Published: April 11, 2023
Review by Z.G. Burnett, Photos Courtesy Fontaine’s Auction Gallery
PITTSFIELD, MASS. – Fontaine’s Auction Gallery conducted its American & European Timepieces sale on April 1, counting down 445 lots of antique clocks of all kinds. Each of the upper lots sold within or above its estimate, and the total of the sale added up to almost $1 million.
The top clock was a #67 astronomical regulator from E. Howard & Co from the late Nineteenth Century that was bid to $93,750 ($60/80,000). In very good overall condition, the functioning clock was enclosed in a walnut case with burl walnut details and a pediment crest that culminated in an elaborately carved bull’s head with original finish. The clock itself had an eight-day astronomical movement with deadbeat escapement and single jar mercurial pendulum. It sat in the boardroom of the American Tobacco Company’s New York City office for years, moved to the firm’s parent company in Connecticut and was then acquired by a board member, who consigned the clock to Fontaine’s.
Another E. Howard & Co #23 90-day regulator astronomical regulator clock followed its peer in price, realizing $56,250 ($40/60,000). This clock had a black walnut case , a 16-inch dial signed with the maker’s name, jeweled deadbeat escapement and dual outboard. This clock was also in functioning condition, with a rubbed down finish and a crack in the “neck.” Made in Boston, Mass., circa 1860, the clock was bought by a Montana bidder.
Two more regulators designated “Regulator No 19” made by Seth Thomas did well in the auction. Thomas was born in Wolcott, Conn., in 1785, later becoming a major player of the clockmaking industry in Plymouth, Conn. Made circa 1886, a wall clock for the Santa Fe Railway System sold for $27,500 ($12/16,000). The case retained its original finish but showed repainting on its glass lettering. Another example of the same model achieved $17,500 ($10/15,000), with refinishing but original lettering. Both came from the same from a Wichita, Kan., estate and were in functioning condition.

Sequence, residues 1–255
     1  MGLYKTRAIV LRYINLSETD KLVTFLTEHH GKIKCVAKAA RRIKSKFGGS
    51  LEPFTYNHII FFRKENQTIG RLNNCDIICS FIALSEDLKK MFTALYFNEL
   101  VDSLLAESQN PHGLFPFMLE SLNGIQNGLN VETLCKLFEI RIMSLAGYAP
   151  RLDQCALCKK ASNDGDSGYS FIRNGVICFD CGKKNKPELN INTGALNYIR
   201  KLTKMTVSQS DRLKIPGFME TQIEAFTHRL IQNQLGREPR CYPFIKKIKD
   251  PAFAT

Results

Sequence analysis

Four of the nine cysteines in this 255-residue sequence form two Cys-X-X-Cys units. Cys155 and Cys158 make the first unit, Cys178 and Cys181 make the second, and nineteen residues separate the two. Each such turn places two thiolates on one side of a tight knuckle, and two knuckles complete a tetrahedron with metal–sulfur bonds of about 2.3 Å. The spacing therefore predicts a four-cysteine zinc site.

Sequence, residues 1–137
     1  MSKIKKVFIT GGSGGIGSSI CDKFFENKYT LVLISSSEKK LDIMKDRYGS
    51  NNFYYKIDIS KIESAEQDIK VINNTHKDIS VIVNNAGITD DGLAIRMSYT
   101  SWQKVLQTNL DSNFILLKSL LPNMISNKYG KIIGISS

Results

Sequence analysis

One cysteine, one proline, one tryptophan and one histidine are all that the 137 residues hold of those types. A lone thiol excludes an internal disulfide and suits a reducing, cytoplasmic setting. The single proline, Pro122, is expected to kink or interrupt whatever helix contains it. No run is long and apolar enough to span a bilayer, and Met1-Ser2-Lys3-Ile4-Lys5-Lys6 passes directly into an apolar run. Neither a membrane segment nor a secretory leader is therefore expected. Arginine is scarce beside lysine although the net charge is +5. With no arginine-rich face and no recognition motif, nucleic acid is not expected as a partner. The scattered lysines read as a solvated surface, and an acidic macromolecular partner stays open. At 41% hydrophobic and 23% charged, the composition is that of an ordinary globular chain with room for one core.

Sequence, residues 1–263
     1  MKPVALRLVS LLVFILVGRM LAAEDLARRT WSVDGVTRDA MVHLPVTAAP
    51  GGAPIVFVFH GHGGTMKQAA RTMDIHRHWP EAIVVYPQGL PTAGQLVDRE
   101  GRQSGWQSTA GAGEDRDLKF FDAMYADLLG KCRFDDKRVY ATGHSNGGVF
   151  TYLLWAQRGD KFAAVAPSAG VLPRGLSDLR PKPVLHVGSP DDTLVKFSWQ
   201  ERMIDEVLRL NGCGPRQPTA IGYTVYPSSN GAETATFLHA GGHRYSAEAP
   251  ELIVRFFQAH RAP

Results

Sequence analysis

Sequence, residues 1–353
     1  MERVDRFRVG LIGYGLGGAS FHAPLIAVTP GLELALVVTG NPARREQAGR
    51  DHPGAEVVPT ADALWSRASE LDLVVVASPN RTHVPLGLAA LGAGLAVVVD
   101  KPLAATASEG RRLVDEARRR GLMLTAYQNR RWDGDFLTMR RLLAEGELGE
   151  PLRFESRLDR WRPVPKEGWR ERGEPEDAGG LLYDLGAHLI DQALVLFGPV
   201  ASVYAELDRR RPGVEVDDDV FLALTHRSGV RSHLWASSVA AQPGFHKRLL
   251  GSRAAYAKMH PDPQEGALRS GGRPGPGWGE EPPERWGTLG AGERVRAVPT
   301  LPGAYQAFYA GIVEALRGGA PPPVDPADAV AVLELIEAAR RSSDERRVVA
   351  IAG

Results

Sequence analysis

Personal timepieces were also popular with bidders. Third in the sale was a 22K gold pair-cased verge pocket watch from Thomas Tampion and Edward Banger, London, made circa 1706. The pocket watch’s wheels were intact, its movements functioned properly, the original box was retained and it was bid to $31,250 ($25/35,000). Even more flashy was a diamond and stainless steel Rolex Oyster Perpetual Datejust automatic wristwatch that sold above its $20/25,000 estimate to $26,250.
One of the clocks that doubled its low estimate in the auction was a “Cornell Model” floor clock from the Ithaca Calendar Clock Co, selling for $22,500 ($10/15,000). One of the rarest models from the company with only four other known examples extant, this clock was originally made for Cornell University. The other examples were found in government offices and private collections. The calendar advanced properly, and the clock retained its original finish, dials and pendulum. Only the second hands were replaced by expert technician Joel Warren of Ithaca Calendar Clocks.
Prices quoted with buyer’s premium as reported by the auction house. Fontaine’s next Fine & Decorative Arts sale will be on May 20. For information, www.fontainesauction.com or 413-448-8922.
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